After watching CyanLaser’s Devouring Tech Overview at the Prefabs TLX conference on December 5th, then I reached out to The Devouring team to do a full retrospective of their creative journey and launch of one of the most impressive and successful VRChat immersive experiences yet. It’s not only an epic recap of this project, but also a window into the mission-driven, Prefabs worldbuilding community that’s pushing the edges of innovation and knowledge sharing within VRChat.

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Here’s the trailer for The Devouring:

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Music: Fatality

virtual-market-5
Virtual Market 5 opens today December 18th, 2020 at 6p PST (Dec 19th at 11a JST), and will run until January 10th at 6a PST (11p JST). It will feature over 1500 VR artists and creators in 30+ worlds in VRChat that features avatars, meshes, clothes, music, prefabs, shaders, tutorials, and all sorts of other virtual goods for VR enthusiasts and immersive creators. It’s the impressive virtual expo of the year with some of the most awe-inspiring worlds and virtual experiences.

The first Virtual Market (aka Vket) started in the Japanese VRChat community on August 26, 2018, and featured around 80 artists and creators. HIKKY is a Japanese company that’s been running the virtual markets, and so there’s been a distinct imprint of Japanese culture and language in Vket 1-4. But the Vket Global Team has been bringing in more international creators, and creating English language options to make it more accessible to non-native Japanese speakers.

pfp
There’s an impressive amount of innovation and creativity when it comes to world building and experiential design for the consumer experience, as the Virtual Market is run and managed by 80% volunteer work. There are a number of corporate sponsor worlds with companies from around the world who are interested in experimenting with experiential marketing, but also connecting to the bleeding edge of virtual culture within VRChat.

lhunI talk with the Director of the Vket Global Team LilBagel as well as the CTO and Process Manager Lhun on Wednesday, December 16th after getting a 2.5-hour tour and sneak peak of some of the new worlds for Vket 5. I’m really blown away at the increased level of worldbuilding and experiential design, and the size, scope, and professional polish of the Virtual Market, which won the well-deserved AIXR award for best marketing experience in 2020 with Virtual Market 4. We explore some of the deeper context for why Vket originally came about, and how it’s evolved over the years. I also get some of history of how Japanese anime culture has become so ubiquitous in apps like VRChat.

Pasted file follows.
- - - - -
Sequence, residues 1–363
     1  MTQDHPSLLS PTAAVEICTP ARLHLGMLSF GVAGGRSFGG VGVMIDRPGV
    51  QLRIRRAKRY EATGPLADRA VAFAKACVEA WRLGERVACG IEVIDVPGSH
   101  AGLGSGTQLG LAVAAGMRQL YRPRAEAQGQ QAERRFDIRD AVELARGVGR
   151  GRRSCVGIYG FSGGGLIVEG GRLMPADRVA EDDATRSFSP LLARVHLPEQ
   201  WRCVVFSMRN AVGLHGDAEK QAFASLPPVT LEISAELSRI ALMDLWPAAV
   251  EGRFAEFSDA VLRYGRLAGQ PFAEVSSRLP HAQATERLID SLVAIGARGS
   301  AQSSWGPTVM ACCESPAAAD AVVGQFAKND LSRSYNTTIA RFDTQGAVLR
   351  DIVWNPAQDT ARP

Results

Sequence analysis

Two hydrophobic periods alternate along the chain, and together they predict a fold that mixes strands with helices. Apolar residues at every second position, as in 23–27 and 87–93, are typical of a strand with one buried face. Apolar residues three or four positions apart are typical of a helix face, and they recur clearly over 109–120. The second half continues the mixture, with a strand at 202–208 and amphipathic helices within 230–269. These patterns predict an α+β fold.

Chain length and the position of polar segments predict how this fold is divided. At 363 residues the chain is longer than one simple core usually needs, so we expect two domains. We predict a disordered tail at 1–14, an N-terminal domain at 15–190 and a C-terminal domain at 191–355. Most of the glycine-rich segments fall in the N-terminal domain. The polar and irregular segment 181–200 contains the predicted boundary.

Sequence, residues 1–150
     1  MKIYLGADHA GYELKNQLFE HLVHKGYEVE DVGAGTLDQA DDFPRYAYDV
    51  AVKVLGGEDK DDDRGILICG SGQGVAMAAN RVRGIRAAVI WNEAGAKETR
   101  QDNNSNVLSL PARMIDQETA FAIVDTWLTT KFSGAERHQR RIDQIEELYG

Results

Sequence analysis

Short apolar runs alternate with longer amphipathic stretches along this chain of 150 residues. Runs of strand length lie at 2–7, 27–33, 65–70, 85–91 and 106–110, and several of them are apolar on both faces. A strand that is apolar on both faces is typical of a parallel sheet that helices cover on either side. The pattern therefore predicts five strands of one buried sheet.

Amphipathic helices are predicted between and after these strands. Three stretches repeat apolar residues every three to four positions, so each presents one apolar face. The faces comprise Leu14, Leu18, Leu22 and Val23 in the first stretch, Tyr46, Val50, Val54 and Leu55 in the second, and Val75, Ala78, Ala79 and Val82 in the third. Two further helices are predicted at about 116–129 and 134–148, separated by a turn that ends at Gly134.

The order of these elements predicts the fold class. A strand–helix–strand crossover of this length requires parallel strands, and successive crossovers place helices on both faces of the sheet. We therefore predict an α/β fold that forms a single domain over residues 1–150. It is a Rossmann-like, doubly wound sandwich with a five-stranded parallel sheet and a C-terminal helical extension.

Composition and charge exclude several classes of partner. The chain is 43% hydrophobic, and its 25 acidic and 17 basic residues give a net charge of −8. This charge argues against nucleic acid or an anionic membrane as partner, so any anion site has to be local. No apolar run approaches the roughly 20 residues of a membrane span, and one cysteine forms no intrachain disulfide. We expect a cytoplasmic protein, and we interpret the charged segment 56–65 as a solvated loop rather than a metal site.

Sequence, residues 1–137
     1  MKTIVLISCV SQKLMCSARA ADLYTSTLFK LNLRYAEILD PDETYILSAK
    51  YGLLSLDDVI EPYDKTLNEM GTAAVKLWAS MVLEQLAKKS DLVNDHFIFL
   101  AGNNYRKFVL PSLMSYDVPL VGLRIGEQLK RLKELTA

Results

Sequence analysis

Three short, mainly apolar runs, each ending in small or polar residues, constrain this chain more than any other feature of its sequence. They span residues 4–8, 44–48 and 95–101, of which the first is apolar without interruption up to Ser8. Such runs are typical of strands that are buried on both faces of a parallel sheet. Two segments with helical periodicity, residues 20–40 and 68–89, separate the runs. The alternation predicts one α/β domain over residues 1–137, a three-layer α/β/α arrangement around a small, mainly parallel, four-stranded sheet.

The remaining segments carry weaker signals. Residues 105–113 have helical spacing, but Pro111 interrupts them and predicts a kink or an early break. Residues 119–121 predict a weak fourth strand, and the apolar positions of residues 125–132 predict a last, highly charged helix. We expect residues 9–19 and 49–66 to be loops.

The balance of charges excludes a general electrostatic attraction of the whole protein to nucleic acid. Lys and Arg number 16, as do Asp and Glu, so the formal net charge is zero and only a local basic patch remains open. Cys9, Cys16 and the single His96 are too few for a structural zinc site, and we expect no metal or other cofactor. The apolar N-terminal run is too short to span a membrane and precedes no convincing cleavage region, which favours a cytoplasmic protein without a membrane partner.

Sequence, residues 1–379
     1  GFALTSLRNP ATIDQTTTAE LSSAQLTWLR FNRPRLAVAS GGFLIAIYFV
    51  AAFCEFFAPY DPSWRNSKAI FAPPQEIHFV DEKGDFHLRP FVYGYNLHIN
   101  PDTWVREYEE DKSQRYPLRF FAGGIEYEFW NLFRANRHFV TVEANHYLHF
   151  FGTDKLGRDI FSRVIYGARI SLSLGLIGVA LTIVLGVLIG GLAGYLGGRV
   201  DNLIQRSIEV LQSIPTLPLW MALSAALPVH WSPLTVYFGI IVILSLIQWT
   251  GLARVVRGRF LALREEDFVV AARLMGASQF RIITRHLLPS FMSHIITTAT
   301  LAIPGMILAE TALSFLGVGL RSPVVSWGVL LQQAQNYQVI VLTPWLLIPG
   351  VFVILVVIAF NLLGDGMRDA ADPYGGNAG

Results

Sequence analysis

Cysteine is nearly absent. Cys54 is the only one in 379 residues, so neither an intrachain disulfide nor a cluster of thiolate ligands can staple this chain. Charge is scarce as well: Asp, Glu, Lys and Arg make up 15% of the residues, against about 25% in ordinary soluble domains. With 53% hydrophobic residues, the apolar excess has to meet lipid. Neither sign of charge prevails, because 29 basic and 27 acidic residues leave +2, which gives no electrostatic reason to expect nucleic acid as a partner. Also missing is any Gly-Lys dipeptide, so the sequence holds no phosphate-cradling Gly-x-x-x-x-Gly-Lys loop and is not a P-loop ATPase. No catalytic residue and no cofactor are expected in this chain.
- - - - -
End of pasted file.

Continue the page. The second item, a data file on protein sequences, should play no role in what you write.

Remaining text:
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Check out Shanie MyrsTear’s preview of Virtual Market 5

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Music: Fatality

uncsa-immersive-storytelling

Note: This is a sponsored content post from the University University of North Carolina School of the Arts

Melissa Upton, UNCSA Staff. 2/7/18January 31st, 2021 is the deadline for a six-month Immersive Storytelling Residency Program that runs from May 1st to November 1st, 2021 as a part of the University of North Carolina School of the Arts’ Media + Emerging Technology Lab (METL). There are three different residency roles that will be collaborating over the six months including a game developer/programmer, 3D modeler/technical artist, as well as screenwriter/producer. There’s a monthly $3500 stipend, and a requirement to relocate to Winston-Salem, North Carolina for the duration of the 6-month residency.